If you have a competent and qualified ladder safety trainer of your own, Safety Services Company offers ladder safety training kits. These kits include the following:

  • An interactive digital presentation
  • A facilitator guide
  • A student guide
  • Knowledge assessments
  • Certificates of completion
  • An attendance log

Ladder Safety Policy for Safety Manual

A complete ladder safety policy should be specific to your business and work sites. Safety Services Company offers manuals customized for your business.

Ladder Safety Prequalification Services

Are you working with ISNetworld®, Avetta®, Veriforce®, or any of 30+ prequalification platforms to land a contract with a safety-minded organization? Safety Services Company offers safety prequalification services to help companies meet prequalification platform requirements for ladder safety and other such safety topics. These services are not limited to but include:

  • A consistently maintained health, safety, and environmental manual complete with a ladder safety policy
  • A dedicated safety and compliance manager to support your business, review your prequalification needs quarterly, and maintain your prequalification accounts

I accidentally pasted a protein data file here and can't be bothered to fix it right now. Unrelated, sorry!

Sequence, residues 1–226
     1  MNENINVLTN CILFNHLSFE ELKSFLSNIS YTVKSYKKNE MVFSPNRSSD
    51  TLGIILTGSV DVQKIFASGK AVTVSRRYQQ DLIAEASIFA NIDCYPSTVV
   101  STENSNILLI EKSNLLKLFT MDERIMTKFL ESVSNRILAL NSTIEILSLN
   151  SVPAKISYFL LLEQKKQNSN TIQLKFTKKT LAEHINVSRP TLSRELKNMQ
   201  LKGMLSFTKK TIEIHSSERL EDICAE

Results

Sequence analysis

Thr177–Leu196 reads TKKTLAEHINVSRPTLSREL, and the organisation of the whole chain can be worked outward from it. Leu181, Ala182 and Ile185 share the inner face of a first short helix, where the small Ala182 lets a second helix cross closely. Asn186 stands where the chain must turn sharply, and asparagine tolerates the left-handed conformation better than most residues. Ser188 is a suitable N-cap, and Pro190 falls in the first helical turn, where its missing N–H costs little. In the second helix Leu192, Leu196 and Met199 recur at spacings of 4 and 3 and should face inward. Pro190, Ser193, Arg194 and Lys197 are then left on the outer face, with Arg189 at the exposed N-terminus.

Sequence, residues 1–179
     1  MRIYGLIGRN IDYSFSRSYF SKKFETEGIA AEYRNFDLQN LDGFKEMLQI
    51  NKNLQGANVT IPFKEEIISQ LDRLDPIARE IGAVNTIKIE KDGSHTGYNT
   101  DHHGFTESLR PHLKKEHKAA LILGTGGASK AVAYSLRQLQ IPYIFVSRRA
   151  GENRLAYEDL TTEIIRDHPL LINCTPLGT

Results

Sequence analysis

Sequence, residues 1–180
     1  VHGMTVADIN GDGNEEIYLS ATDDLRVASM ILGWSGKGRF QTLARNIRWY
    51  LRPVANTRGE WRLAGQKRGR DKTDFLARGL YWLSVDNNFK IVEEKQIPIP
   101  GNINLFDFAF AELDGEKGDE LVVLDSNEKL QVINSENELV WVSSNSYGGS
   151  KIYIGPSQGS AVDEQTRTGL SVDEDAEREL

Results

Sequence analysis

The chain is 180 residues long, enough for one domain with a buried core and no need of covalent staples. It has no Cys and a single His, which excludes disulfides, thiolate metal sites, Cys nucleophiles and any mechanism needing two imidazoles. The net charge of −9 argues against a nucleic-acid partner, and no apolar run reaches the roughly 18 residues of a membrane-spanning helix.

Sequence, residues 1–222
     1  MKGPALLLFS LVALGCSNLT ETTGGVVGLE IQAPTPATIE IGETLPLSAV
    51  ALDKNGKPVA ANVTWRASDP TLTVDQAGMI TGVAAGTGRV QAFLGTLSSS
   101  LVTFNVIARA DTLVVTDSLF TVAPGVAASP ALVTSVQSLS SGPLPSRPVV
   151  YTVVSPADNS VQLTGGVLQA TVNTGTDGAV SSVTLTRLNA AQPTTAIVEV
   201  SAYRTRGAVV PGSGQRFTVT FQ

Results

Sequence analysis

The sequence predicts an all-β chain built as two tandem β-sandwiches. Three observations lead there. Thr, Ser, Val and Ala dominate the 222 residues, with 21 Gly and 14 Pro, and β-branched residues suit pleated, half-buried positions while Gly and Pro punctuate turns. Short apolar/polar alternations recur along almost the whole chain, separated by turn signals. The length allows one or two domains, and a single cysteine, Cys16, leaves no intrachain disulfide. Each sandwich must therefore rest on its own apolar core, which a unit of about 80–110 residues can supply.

• OSHA 300 log maintenance to meet annual reporting requirements
  • Management of insurance documentation

Ladder Safety Toolbox Talks/Ladder Safety Meetings

To reinforce a ladder safety training, companies must regularly talk about ladder safety topics. Weekly safety meetings and toolbox talks allow this. Safety Services Company offers industry-guided ladder safety meetings sent in weekly or biweekly installments. Choose from over 1000 topics, including ladder safety.

Never use a ladder in any other way than what the manufacturer intended

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Ladder Regulations

General Industry

29 CFR 1910.23 – Ladders

This is the federal regulation that covers design, load capacity, maintenance and use of ladders for general industry.

8 CCR 3270 – Access General

This California regulation covers the design requirements for access to every permanent elevated work location by means of either fixed ladders, permanent ramps or stairways.

8 CCR 3276 – Portable Ladders

This California regulation covers the design, construction, selection, care, and use of all self-supporting and non-self-supporting portable ladders.

8 CCR 3277 – Fixed Ladders

This California regulation covers the design for fixed ladders, to include definitions, specific features, clearances, maintenance and protection from deterioration.


29 CFR 1926.1053 – Ladders

This covers the design, length and use for access and egress.

8 CCR 1629 – Stairways and Ladders

This covers the design for job made ladders, to include length, weight capacity, materials used, maintenance and protection from deterioration.

29 CFR 1926.1053 – Ladders

This contains the design, load capacity, maintenance, inspection and use of ladders for construction.


36% of all deaths in the workplace occured due to employees falling

Safety Services helped us when we needed it with manuals that companies we work for required… they continue to monitor ISNetworld and others that require monthly updates.

Garry W.